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2017 Word of the Year

redemption

[ri-demp-shuh n] /rɪˈdɛmp ʃən/
noun
1.
an act of redeeming or atoning for a fault or mistake, or the state of being redeemed.
2.
deliverance; rescue.
3.
Theology. deliverance from sin; salvation.
4.
atonement for guilt.
5.
repurchase, as of something sold.
6.
paying off, as of a mortgage, bond, or note.
7.
recovery by payment, as of something pledged.
8.
conversion of paper money into specie.
Origin of redemption
1300-1350
1300-50; Middle English redempcioun (< Middle French redemption) < Late Latin redēmptiōn- (stem of redēmptiō), equivalent to Latin redēmpt(us) (past participle of redimere to redeem) + -iōn- -ion
Related forms
redemptional, adjective
redemptionless, adjective
nonredemption, noun
postredemption, noun
preredemption, noun
Dictionary.com Unabridged
Based on the Random House Dictionary, © Random House, Inc. 2017.
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Examples from the Web for redemption
Contemporary Examples
Historical Examples
  • Was there no prophet, no redemption, no mediator for such as these?

    Weighed and Wanting George MacDonald
  • But he still had something to do, the final act made possible by his redemption.

    Thoroughbreds W. A. Fraser
  • She still lived, however, and that was sufficient for the redemption of her sins.

    The Dream Emile Zola
  • That God will do his part in the redemption of men is set before us in the cross.

    Understanding the Scriptures Francis McConnell
  • If the redemption is to be a moral redemption, the last detail of the method must be moral.

    Understanding the Scriptures Francis McConnell
British Dictionary definitions for redemption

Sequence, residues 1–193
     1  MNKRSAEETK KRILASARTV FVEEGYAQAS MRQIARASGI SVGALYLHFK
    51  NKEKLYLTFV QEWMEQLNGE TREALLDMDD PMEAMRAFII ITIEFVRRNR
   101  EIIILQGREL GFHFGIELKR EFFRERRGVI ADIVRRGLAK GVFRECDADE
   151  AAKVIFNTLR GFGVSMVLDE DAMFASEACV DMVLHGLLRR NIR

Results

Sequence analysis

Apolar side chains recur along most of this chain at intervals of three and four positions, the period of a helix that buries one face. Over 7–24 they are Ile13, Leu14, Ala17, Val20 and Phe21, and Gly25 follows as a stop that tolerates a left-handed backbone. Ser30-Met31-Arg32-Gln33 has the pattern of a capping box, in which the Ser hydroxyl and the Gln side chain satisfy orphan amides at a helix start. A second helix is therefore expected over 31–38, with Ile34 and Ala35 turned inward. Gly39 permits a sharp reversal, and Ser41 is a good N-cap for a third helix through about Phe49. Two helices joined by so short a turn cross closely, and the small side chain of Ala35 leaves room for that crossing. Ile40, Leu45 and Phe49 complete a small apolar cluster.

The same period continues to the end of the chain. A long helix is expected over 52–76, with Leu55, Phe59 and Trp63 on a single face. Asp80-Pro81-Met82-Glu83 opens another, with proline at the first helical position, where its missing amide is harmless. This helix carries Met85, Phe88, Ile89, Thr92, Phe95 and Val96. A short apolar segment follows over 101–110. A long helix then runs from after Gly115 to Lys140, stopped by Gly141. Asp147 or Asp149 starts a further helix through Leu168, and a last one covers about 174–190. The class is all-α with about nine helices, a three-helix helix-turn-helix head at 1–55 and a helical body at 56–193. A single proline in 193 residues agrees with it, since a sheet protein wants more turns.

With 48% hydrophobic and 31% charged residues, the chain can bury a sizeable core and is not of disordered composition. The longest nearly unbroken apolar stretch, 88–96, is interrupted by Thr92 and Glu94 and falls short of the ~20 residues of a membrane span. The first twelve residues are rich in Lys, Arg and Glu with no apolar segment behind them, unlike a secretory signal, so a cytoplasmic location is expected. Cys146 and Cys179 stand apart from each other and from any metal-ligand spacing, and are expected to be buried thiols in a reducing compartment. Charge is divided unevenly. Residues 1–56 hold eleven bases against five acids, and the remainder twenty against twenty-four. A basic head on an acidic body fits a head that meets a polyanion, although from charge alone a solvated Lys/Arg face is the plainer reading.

redemption

/rɪˈdɛmpʃən/
noun
1.
the act or process of redeeming
2.
the state of being redeemed
3.
(Christianity)
  1. deliverance from sin through the incarnation, sufferings, and death of Christ
  2. atonement for guilt
4.
conversion of paper money into bullion or specie
5.
  1. removal of a financial obligation by paying off a note, bond, etc
  2. (as modifier): redemption date
Derived Forms
redemptional, redemptive, redemptory, adjective
redemptively, adverb
Word Origin
C14: via Old French from Latin redemptiō a buying back; see redeem
Collins English Dictionary - Complete & Unabridged 2012 Digital Edition
© William Collins Sons & Co. Ltd. 1979, 1986 © HarperCollins
Publishers 1998, 2000, 2003, 2005, 2006, 2007, 2009, 2012
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Word Origin and History for redemption
n.

mid-14c., "deliverance from sin," from Old French redemcion (12c.) and directly from Latin redemptionem (nominative redemptio) "a buying back, releasing, ransoming" (also "bribery"), noun of action from past participle stem of redimere "to redeem, buy back," from red- "back" (see re-) + emere "to take, buy, gain, procure" (see exempt). The -d- is from the Old Latin habit of using red- as the form of re- before vowels. In the Mercian hymns, Latin redemptionem is glossed by Old English alesnisse.

Online Etymology Dictionary, © 2010 Douglas Harper
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15
18
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